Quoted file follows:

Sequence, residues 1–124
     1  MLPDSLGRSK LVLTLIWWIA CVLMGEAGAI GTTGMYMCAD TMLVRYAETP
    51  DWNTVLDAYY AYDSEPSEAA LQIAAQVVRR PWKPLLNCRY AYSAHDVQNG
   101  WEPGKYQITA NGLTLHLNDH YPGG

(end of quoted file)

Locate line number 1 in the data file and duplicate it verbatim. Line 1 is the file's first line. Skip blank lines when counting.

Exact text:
Sequence, residues 1–124